by Karl Wirsing/SEFS
In 1988, wildfires burned about a third of Yellowstone National Park’s forests. Most of those wooded areas hadn’t burned in 100 to 300 years, largely within the average burn cycle for those forests, and they bounced back really well from the disturbance. But what happens when the next fire comes far sooner than the average? With shorter-interval burns and changing climate conditions, will the younger trees and forest be as resilient to a severe fire? Along with collaborators at the University of Wisconsin, Professor Brian Harvey will try to answer those questions, among others, this summer as part of a new National Science Foundation grant for Rapid Response Research (RAPID).
A lodgepole forest in Yellowstone that naturally reseeded after the 1988 fires.
RAPID grants are a special category for funding research that needs to be carried out immediately. They provide a one-year pulse of money for time-critical projects that can’t wait for the usual funding cycle. In this case, more than 10 thousand hectares of forest in Yellowstone did in fact re-burn last summer—only 28 years after the 1988 fires—so this summer will be the first and best opportunity to observe how these forests respond to the short-interval disturbance. “This grant provides an awesome opportunity to get there as soon as the forest is likely to show signs of resilience, or if it is not going to be as resilient,” says Brian. “This is the key time and place to be testing these questions.”
Natural disturbances, of course, are integral to forests worldwide, but conifer forests in western North America are facing warmer temperatures and larger, more severe wildfires than at any time in recorded history. Changing climates—with hotter, drier summers—are increasing disturbance frequency in some areas, and disrupting long-established patterns of forest regrowth and succession. In Yellowstone’s forests, the dominant species is lodgepole pine, which has closed, serotinous cones that release their seeds only in response to fire. Nearly all of the seedlings then establish one year after a fire; historically, they’ve then had many decades to grow and start producing cones (and seeds) of their own before the next burn. But instead of a fire interval of 150 to 300 years, these Yellowstone forests could start seeing new fires within a matter of a few decades. “Some systems are used short-interval fires,” says Brian. “But throughout much of Yellowstone, that’s a novel thing.”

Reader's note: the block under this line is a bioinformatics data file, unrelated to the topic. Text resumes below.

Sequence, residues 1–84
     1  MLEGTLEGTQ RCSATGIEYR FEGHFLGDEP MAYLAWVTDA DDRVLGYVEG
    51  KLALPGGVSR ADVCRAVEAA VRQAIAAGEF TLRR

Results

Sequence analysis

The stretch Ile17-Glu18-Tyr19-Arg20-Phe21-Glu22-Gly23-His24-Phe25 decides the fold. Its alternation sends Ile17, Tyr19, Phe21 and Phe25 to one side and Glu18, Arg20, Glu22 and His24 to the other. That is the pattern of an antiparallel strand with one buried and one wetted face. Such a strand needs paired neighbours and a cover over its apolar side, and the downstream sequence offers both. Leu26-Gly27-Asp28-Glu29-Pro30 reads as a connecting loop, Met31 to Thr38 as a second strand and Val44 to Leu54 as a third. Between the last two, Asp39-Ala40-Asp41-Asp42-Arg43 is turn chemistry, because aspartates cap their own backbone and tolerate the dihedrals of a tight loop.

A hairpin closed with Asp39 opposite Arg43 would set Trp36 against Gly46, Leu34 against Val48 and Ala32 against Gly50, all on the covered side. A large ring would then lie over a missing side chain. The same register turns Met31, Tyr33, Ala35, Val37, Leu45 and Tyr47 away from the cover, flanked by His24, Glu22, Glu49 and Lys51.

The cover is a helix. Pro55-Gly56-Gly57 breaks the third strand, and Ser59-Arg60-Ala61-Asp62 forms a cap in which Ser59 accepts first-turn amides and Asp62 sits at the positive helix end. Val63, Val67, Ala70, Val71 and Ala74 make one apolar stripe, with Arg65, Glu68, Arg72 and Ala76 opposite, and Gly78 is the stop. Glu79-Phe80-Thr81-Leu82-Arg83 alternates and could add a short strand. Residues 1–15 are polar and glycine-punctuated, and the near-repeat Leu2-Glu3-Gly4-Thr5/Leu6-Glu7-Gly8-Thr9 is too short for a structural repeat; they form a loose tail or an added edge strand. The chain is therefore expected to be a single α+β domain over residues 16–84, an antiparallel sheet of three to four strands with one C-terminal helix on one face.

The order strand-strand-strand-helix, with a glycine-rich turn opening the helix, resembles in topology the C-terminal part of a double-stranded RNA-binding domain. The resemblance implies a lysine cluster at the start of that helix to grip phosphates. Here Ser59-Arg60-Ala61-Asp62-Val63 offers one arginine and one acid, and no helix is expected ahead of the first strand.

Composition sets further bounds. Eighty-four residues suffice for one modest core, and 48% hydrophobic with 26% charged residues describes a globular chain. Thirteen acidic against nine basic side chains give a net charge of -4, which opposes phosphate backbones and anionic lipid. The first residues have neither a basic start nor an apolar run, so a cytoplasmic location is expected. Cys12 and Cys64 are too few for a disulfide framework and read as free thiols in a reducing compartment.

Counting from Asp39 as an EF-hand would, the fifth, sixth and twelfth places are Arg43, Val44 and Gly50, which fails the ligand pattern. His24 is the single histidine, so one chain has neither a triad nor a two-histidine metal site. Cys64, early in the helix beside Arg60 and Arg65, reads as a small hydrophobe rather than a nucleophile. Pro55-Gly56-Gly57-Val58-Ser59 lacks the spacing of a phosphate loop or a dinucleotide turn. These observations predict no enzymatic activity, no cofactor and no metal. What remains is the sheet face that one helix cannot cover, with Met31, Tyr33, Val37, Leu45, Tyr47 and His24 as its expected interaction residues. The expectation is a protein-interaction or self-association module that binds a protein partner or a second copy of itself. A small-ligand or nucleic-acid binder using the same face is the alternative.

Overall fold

The ecological consequences of these changing fire regimes are unclear and could be profound in the next century. The results of this study, in turn, could be widely relevant for understanding abrupt changes in forest ecosystems across the globe.
“This project is a unique opportunity to test what’s going on at the leading edge of climate change and changing fire regimes in these areas,” says Brian. “We’re really seeing the start of conditions in Yellowstone that may be heading outside the range we’ve seen in the paleo-ecological record. No matter what we find, it’s going to be extremely exciting, and very important. On one hand, these ecosystems can always surprise us in their resilience. On the other hand, as many times as we’ve been surprised by their resilience, we may be heading toward a state where things could be changing pretty rapidly.”
Similar to the sites Brian will be studying this summer, this lodgepole pine forest—originally burned in the 1988 fire—was re-burned in 2012 (with this photo taken in 2015).
Starting this July, Brian will head out to the burned sites in Yellowstone with his incoming master’s student, Saba Saberi, along with an undergrad field intern. They will meet up with a team from the University of Wisconsin, and together they’ll be investigating and measuring a number of factors for how the shortened fire interval is affecting the forest, including burn severity, post-fire tree seedling establishment and carbon storage.
A major component of this research, which Brian’s master’s student will be leading, involves studying how well satellites can measure burn severity in forests that are still very young since the last severe fire. “We have well-developed satellite indices to measure burn severity in forests, but most of these indices have really only been tested on older forests with much greater live biomass,” says Brian. “However, when fire burns through a dense stand of 25-year-old trees, we don’t know how accurately the satellite can detect burn severity. This is a big part of what Saba will be testing in her master’s research at SEFS. “Calibrating these satellite indices will allow us to investigate spatial patterns of burn severity over much broader scales, and gain insight into how fire regimes may be changing right before our eyes.”
The RAPID grant provides a total of $200,000 in funding, with just under $60,000 coming to Brian for his role in the project, and the rest supporting his collaborators at the University of Wisconsin.
Also joining the crew in the field will be a freelance writer from the New York Times to spend a weekend a write a store about the project. The Discovery Channel will be sending a team, as well, as part of documentary about the research on climate change and fire. Brian and his collaborators plan to produce a series of mini-documentaries (5-8 minutes in length), in English and Spanish, to explain effects of increased fire activity and climate warming on western forests to a wide audience.
It’s going to be a packed July for Brian and his partners, and we look forward to hearing reports from the field!
Photos © Brian Harvey.